I can only imagine how Mike felt when he was begging to be brought back to the spath brother, only to be dismissed so completely. I think that was a moment of singularity for Mike – spath brother says this and that, and won’t follow through with his word. Wow.

Long road, but there are many hands to hold his elbow when he stumbles! 😀

Brightest blessings!


Wini and Buttons,

I will think about what you both had to say. Thanks.


I was happy to hear that one person stepped up to the plate, helping the woman who fell, you. That was great! Also, your news about your son was encouraging, feeling happy for him.


Bluejay, you’ll find whatever works for YOU, I promise. This is just temporary!


kim frederick

Oxy, thanks for this. I’ts interesting that you wrote this just as I was pondering some ideas about forgiveness.

I was thinking about how many years I stayed in hopeless relationships, (two) and marveling at the fact that most of that time was spent harboring resentment, and continuing to accept the unacceptable…ther were so many deal-breakers that I can’t even count them…and I was thinking about the old cliche, “no I didn’t divorce him, I forgave him and stayed”.

Forgiveness is somehow equated with not leaving.

For me, not leaving was just denial…I remained angry.

It was only after accepting the fact that the union was doomed, that I could move on and work through the anger and come to a truce with it, so to speak.

I’m not sure I’ve forgiven 100% but I’m pretty close, now.

Does that make any sense?

kim frederick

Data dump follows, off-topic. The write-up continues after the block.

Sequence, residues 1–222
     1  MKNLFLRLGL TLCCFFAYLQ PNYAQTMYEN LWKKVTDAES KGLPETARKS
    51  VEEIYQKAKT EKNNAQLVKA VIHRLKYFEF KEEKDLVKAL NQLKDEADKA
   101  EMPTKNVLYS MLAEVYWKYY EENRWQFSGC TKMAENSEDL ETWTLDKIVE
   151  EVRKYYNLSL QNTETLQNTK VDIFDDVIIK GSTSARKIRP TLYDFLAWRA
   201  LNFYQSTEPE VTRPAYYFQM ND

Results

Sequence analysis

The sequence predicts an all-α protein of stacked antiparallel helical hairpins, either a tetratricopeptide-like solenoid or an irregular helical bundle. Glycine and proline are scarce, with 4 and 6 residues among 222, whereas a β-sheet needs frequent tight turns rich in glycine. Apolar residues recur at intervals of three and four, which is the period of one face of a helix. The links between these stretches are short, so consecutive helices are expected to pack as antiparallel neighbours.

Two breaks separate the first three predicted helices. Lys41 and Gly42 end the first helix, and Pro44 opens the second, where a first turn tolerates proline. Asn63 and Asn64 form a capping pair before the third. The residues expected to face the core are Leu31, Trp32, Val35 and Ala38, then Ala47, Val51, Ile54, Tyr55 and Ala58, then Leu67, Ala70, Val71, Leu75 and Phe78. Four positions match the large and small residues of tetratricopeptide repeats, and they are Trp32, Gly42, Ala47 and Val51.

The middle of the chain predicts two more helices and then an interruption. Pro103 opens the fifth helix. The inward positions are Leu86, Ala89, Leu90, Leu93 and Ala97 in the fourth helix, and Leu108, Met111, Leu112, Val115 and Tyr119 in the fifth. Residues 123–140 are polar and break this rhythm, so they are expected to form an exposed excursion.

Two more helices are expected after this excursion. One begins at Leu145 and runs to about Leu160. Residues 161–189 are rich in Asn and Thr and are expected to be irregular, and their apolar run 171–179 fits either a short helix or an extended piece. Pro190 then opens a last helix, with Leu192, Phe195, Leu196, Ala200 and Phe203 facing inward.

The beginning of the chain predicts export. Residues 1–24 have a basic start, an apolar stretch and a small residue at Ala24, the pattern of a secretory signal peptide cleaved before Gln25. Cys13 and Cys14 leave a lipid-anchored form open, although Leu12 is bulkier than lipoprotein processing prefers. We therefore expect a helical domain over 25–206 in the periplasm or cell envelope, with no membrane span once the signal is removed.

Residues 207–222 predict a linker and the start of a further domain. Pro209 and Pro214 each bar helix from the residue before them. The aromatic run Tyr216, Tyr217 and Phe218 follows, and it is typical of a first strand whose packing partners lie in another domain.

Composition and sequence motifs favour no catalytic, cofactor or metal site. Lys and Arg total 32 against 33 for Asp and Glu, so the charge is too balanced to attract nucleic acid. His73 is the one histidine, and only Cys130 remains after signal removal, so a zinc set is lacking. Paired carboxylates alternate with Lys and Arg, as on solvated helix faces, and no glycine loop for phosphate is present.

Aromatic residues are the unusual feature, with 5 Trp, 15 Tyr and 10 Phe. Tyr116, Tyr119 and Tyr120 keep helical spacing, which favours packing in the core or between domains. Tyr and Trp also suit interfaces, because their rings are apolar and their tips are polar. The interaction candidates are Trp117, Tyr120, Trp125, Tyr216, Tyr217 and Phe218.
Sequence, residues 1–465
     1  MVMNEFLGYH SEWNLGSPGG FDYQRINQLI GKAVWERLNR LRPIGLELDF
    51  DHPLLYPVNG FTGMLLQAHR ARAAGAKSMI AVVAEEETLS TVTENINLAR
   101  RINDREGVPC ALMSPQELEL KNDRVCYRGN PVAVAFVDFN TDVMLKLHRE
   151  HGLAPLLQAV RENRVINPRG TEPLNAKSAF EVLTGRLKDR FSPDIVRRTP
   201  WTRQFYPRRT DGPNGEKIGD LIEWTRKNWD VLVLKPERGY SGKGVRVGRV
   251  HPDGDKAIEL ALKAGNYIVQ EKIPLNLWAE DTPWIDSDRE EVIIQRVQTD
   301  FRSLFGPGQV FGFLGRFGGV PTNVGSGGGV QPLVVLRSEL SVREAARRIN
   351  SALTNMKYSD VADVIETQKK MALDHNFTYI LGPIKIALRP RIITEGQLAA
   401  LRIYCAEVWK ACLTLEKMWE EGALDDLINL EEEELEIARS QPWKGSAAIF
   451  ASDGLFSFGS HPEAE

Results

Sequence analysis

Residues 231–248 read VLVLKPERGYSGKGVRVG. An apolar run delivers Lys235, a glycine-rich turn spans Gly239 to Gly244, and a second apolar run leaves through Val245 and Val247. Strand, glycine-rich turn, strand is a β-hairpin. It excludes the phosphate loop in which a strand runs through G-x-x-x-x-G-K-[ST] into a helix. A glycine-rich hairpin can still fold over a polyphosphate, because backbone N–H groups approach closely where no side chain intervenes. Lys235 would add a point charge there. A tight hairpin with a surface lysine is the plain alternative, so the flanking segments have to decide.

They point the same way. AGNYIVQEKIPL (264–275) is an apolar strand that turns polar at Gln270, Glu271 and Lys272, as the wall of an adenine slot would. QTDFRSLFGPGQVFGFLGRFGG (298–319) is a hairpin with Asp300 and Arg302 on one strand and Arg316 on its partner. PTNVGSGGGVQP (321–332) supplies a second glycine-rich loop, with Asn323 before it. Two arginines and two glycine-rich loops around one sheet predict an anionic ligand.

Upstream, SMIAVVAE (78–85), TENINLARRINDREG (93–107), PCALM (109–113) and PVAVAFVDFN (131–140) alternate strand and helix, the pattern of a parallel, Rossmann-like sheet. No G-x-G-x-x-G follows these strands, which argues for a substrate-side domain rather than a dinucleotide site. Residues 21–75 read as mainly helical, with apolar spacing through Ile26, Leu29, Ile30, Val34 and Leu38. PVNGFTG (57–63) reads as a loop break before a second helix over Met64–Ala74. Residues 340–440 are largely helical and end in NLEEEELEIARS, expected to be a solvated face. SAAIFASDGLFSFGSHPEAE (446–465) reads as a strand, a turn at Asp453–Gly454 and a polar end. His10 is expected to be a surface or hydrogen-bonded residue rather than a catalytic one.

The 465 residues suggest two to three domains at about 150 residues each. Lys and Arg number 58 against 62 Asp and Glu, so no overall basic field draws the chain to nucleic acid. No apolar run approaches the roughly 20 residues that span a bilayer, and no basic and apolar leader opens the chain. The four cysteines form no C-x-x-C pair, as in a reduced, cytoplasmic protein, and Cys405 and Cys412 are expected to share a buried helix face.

That (two) in my post above means number of relationships,not number of years…sigh, wishful thinking.

Ox Drover

Hi, Kimmie,

Of COURSE it makes perfect sense. We have to learn that “forgiveness” does NOT mean that we TRUST them again or sign on for more abuse. It simply means we no longer feel BITTERNESS.

That was the exact same problem I had. I was told (and believed) that “forgiveness” meant “all was well again” even if they had not repented, even if they were continuing to abuse and lie etc.

But when I finally realized that there was NO HOPE for the relationships, just like I could realize there was NO HOPE in a patient that was 80 years old, had had a stroke, couldn’t talk, couldn’t move, and the family was keeping them on a ventilator because they couldn’t stand to “let mama die”—sheesh, my relationships were like that and I was keeping them “alive” artifically and hoping that they would GET UP AND WALK ON THEIR OWN.

I was spending all my energy trying to REVIVE THE DEAD!

When something is truly broken and there is no way it can be reasonably fixed, if it is a body, or a soul, you have to recognize it and LET IT GO. BURY it. ACCEPT that it is gone. MOVE on.

I had very little trouble doing this with medical issues, I never had to even think about what to do with my husband even though I didn’t ‘want to let him go, I knew there was NO way he could live. With my step dad and his cancer, same song second verse. DON’T put him on the life support to start with, keep him comfortable and be there.

Don’t prolong DEATH just because you can’t prolong life.

I did the same thing, Kim, I put the TOXIC and DEAD relationships on life support and I was the only thing keeping them “breathing” but NOT living, they were still DEAD.

Yes, when we enable, when we try to sustain a relationship that is one sided or abusive, we ARE angry all the time, unhappy and miserable. Yet, sometimes we hang on anyway. I did it, you did it, most of us did it. But now we know better and we will DO better. (((Hugs))) I’ve missed you!